Boost for Iraqi wetlands
BirdLife have welcomed plans by the Canadian Government to help restore the Mesopotamian marshes of southern Iraq. As well as helping the repatriation of former inhabitants of the region, the $3 million scheme will also help to improve the outlook for the region's unique birds.
The Mesopotamian marshes are one of the largest wetland areas in the Middle East, proving a vital stop-over for thousands of waterbirds on migration and during the winter months. They are also recognised by BirdLife as an Endemic Bird Area (EBA). During the 1990s, the wetlands were reduced to just seven percent of their original size, due to dam construction upstream in Turkey, Syria and Iraq.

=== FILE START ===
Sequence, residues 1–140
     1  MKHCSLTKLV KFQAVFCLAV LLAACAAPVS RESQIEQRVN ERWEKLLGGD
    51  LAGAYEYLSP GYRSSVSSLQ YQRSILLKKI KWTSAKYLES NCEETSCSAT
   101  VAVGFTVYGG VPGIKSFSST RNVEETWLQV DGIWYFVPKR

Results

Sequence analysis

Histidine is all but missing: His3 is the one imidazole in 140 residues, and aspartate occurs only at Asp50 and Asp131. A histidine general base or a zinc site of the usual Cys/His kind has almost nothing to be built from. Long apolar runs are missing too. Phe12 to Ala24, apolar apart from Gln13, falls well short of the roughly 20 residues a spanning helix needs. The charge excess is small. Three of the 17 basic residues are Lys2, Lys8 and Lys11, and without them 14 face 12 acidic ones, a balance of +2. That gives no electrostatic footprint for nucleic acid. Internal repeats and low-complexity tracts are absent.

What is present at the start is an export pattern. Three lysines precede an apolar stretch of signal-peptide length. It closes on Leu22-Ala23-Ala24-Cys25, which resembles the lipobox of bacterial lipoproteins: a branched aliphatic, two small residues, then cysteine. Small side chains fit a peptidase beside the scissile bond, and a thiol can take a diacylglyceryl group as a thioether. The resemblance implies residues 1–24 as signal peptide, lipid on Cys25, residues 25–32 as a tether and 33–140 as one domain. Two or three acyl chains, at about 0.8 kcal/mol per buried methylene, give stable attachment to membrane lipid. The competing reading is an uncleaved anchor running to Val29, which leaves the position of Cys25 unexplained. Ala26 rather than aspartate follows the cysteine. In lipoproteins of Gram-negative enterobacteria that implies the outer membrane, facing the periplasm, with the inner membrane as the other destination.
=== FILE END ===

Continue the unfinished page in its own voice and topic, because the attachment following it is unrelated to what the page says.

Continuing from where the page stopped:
"Any projects that will improve the habitat of the marshes for the people and birds that find a home there are very welcome after decades of neglect." —Adnan Budieri, BirdLife International
Almost the entire world population of the Basra Reed-warbler Acrocephalus griseldis, breeds in the Mesopotamian marshes. It has recently seen its conservation status upgraded to Endangered, mainly as a result of the destruction and degradation of its breeding reedbed habitat. The species now faces a very real threat of extinction within the next few years.
"The Basra Reed-warbler breeds only in the Mesopotamian marshes and one other site in Iran. Its numbers are thought to have declined by up to 80% since the 1970s," said Adnan Budieri, Head of BirdLife’s Middle East & Central Asia Division. "As soon as the situation is stable enough, BirdLife plans to visit the area to find out the full extent of the predicament facing this and other Iraqi species."